32. Answer the following questions and do the following problems and include them in you ECP Notes. If the cost of new common equity is higher than the cost of internal equity, why would a firm choose to issue new common stock? Why is it important to use a firm’s MCC and not a firm’s initial WACC to evaluate investments? Calculate the AT kd, ks, kn for the following information: Loan rates for this firm = 9% Growth rate of dividends = 4% Tax rate = 30% Common Dividends at t1 = \$ 4.00 Price of Common Stock = \$35.00 Flotation costs = 6% Your firm’s ks is 10%, the cost of debt is 6% before taxes, and the tax rate is 40%. Given the following balance sheet, calculate the firm’s after tax WACC: Total assets = \$25,000 Total debt = 15,000 Total equity = 10,000

33. Your firm is in the 30% tax bracket with a before-tax required rate of return on its equity of 13% and on its debt of 10%. If the firm uses 60% equity and 40% debt financing, calculate its after-tax WACC. Would a firm use WACC or MCC to identify which new capital budgeting projects should be selected? Why? A firm's before tax cost of debt on any new issue is 9%; the cost to issue new preferred stock is 8%. This appears to conflict with the risk/return relationship. How can this pricing exist? What determines whether to use the dividend growth model approach or the CAPM approach to calculate the cost of equity?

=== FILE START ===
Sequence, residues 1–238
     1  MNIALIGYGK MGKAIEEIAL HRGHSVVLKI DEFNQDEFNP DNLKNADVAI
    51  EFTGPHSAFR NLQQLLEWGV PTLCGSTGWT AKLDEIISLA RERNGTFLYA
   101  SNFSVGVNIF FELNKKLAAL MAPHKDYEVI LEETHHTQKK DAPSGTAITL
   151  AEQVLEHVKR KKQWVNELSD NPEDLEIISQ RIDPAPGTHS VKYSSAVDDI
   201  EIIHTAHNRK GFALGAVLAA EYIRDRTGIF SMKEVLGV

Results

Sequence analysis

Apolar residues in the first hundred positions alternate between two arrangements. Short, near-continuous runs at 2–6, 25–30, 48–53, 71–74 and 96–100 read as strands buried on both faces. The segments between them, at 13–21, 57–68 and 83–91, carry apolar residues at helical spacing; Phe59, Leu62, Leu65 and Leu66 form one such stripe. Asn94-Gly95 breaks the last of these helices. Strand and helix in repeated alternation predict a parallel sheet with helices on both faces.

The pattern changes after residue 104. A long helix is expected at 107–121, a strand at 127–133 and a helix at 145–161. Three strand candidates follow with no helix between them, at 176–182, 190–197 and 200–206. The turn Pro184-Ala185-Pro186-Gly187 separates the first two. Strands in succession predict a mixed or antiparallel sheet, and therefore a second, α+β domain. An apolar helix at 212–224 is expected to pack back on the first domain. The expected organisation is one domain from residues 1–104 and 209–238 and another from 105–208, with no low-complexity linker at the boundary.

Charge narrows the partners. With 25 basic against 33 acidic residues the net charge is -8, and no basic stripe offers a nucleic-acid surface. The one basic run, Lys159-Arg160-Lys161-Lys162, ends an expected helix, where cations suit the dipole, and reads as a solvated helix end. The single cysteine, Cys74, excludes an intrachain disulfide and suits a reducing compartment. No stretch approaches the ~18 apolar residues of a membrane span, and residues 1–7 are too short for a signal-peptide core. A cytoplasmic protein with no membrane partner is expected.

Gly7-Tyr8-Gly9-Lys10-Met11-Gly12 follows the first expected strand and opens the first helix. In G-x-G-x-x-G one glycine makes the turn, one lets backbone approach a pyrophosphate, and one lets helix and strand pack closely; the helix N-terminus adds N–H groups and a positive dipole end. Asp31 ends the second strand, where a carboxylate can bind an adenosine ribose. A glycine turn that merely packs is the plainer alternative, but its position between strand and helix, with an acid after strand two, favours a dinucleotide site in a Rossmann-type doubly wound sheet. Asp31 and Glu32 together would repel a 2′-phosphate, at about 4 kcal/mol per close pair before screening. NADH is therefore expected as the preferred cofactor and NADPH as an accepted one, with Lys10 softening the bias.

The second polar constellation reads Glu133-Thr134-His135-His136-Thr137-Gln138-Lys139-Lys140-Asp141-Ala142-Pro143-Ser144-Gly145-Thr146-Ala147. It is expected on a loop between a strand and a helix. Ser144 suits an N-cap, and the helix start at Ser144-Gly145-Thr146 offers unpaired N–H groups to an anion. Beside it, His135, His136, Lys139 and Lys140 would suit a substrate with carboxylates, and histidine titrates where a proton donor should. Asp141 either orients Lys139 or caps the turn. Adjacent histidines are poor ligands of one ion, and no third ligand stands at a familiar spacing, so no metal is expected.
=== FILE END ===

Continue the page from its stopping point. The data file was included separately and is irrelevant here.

34. Capital Budgeting Decision Methods Chapter 10 1

35. Learning Objectives • The capital budgeting process. • Calculation of payback, NPV, IRR, and MIRR for proposed projects. • Capital rationing. • Measurement of risk in capital budgeting and how to deal with it. 2